Here’s a headline published Thursday by The Washington Examiner: “Treasury: IRS targeted 292 Tea Party groups, just 6 progressive groups.”
That 292 number? It’s flat wrong.These pieces were all about undercutting a claim made by Democrats this week — that liberal groups were also affected by the IRS’ inappropriate screening and handling of applications for tax-exempt status. That claim, in turn, rested on the newly learned fact that the term “progressive” appeared on “Be On The Lookout” (BOLO) lists used by the IRS in recent years, and the subsequent disclosure from the IRS inspector general that six groups with “progress” or “progressive” in their names had their applications for tax-exempt status included in a group of “potential political cases” by the IRS.
To understand how conservative outlets flubbed the numbers so badly, you have to go back to the original Inspector General for Tax Administration report released last month. The report stated that between May 2010 and May 2012, the IRS identified 298 applications for tax-exempt status that needed further review as “potential political cases.” Of those, the inspector general said, a majority of the applications “included indications of significant political campaign intervention.” Put simply, most of the 298 groups put into the political case group deserved to be in there — even if the way they were identified for inclusion had been improper. And the inspector general also found that 91 groups had been deemed potential political cases no indication of significant political activity in their applications. (IRS officials disputed this finding, the IG also points out.)
We now know, thanks to a letter the inspector general, J. Russell George, sent to Rep. Sander Levin (D-MI) on Wednesday, that six groups with “progress” or “progressive” in their names were among the 298 “potential political cases.” Subtract those six from the total 298, and you get the 292 number that appeared in the headlines. But George’s letter did not mean, as the conservative outlets seem to think, that the rest of those groups were tea party groups. The inspector general report contains the actual number: 96 of the 298 groups deemed “potential political cases” had the terms tea party, patriots, or 9/12 in their names. That leaves 196 “potential political cases” whose political leanings we don’t know. They could be liberal. They could be conservative. They could be communist.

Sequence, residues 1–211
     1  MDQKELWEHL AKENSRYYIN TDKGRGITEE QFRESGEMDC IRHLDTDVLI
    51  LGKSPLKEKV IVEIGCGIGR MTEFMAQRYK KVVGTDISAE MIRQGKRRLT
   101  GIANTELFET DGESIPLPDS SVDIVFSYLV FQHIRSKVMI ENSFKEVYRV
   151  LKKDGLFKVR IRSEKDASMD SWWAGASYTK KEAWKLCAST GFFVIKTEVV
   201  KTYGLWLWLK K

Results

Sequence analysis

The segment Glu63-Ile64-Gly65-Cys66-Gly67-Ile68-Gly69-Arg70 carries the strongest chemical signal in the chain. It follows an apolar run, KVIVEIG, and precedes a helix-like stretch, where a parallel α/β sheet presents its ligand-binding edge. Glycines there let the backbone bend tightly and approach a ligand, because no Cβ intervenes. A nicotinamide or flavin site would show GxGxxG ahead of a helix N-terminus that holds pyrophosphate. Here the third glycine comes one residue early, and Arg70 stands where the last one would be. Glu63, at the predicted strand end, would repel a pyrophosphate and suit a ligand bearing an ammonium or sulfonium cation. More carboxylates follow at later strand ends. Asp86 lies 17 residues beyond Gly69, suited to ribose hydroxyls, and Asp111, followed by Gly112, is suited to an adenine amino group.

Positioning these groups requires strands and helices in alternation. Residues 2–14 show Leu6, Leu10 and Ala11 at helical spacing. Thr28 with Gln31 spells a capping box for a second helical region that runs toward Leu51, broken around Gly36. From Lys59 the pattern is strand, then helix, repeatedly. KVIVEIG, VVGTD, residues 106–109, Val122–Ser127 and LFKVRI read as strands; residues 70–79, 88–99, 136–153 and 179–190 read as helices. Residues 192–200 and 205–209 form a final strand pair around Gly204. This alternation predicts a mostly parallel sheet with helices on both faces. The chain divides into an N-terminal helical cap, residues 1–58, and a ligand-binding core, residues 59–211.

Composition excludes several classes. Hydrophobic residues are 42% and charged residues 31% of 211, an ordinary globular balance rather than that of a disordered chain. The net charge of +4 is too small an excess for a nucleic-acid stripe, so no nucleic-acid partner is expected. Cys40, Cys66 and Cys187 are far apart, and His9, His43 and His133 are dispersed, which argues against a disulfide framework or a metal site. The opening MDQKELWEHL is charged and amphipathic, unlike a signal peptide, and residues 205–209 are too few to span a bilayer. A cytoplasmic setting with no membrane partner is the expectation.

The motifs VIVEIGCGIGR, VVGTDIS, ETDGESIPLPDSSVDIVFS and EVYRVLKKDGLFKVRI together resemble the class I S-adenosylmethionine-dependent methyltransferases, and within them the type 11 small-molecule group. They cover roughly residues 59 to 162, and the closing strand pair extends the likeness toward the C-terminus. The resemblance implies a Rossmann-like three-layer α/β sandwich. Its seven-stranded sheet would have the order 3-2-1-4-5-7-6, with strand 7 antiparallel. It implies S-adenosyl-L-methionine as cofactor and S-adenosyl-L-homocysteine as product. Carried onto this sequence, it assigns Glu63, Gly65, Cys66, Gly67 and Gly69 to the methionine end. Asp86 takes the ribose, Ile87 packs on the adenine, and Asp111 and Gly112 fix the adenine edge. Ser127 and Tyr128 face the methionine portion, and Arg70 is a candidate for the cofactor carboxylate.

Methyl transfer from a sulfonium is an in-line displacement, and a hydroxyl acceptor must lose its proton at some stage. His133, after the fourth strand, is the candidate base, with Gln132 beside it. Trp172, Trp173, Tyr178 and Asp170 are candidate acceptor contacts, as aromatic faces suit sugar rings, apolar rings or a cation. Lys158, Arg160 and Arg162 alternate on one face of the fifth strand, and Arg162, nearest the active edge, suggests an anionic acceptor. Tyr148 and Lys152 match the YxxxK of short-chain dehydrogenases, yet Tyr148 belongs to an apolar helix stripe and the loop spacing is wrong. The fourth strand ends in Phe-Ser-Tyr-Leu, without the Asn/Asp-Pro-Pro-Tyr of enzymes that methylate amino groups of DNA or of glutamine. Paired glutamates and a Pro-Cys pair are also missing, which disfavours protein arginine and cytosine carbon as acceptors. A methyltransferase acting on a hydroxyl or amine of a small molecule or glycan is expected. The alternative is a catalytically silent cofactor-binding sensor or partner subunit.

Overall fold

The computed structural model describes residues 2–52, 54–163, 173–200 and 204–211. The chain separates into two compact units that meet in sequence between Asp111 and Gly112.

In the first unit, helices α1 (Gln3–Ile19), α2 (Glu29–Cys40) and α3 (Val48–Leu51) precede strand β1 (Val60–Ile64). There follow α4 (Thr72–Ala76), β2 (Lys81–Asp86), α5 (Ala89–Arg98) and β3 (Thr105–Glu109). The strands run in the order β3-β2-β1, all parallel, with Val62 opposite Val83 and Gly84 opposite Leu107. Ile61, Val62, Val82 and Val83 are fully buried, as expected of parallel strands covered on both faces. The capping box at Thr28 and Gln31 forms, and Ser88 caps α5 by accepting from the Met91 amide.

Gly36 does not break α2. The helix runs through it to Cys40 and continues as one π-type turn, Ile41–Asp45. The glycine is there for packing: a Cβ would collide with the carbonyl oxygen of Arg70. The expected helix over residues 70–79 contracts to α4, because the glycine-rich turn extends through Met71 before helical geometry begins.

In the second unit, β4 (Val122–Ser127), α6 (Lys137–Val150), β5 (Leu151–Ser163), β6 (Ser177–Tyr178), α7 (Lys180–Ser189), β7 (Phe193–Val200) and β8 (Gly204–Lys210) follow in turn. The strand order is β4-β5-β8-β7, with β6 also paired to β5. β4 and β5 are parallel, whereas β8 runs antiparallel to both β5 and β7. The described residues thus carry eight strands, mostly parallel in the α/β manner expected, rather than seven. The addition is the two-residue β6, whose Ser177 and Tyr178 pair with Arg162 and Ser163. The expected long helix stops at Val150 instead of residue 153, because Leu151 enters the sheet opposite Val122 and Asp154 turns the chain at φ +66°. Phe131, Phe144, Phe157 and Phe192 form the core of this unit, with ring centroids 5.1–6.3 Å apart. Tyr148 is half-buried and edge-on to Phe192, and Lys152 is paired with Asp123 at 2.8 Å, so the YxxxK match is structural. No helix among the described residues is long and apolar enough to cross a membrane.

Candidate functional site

George’s letter to Levin may be the source of the confusion. In it, George wrote that while six groups with “progress” or “progressive” in their names had been put in the political case group between May 2010 and May 2012, 14 groups with those terms in their names that applied for tax-exempt status at the same time had not been referred for additional scrutiny as potential political cases.
“In comparison, our audit found that 100 percent of the tax-exempt applications with TeaParty, Patriots, or 9/12 in their names were processed as potential political cases during the timeframe of our audit,” George wrote.
Conservatives seemed to have turned that “100 percent” figure into the 292 number.
There’s an additional wrinkle in the original IG report to keep in mind. As mentioned above, there were 91 groups whose applications ended up in the potential political case group despite not appearing to be heavily involved in politics. Of those, just 17 had the terms Tea Party, Patriots, or 9/12 in their names. In other words, most of the tea party groups that ended up as “potential political cases” were identified for the right reason, even if the way they were identified (screening for particular terms in their names) and the subsequent treatment of those applications (intrusive letters, long wait periods) was improper.
In his letter to Levin on Wednesday, George did not indicate whether the six “progress” and “progressive” groups in the “potential political case” group had evidence of political activity in their applications, and he did not elaborate on the subsequent treatment the IRS gave those applications. And it’s not even clear yet how those six applicants ended up in the political group. George’s letter also states that the section of the BOLO lists where the term “progressive” appeared was not specifically used to refer cases for scrutiny of political activity.
Laws controlling the release of taxpayer information mean we might never get an exact breakdown of the political leanings of the 298 “potential political cases.” But its definitely not 292 to 6.
Clarification: This article has been updated to clarify that the 14 groups with “progress” or “progressive” in their name that were not referred for additional scrutiny as potential political cases may have received additional scrutiny for other reasons.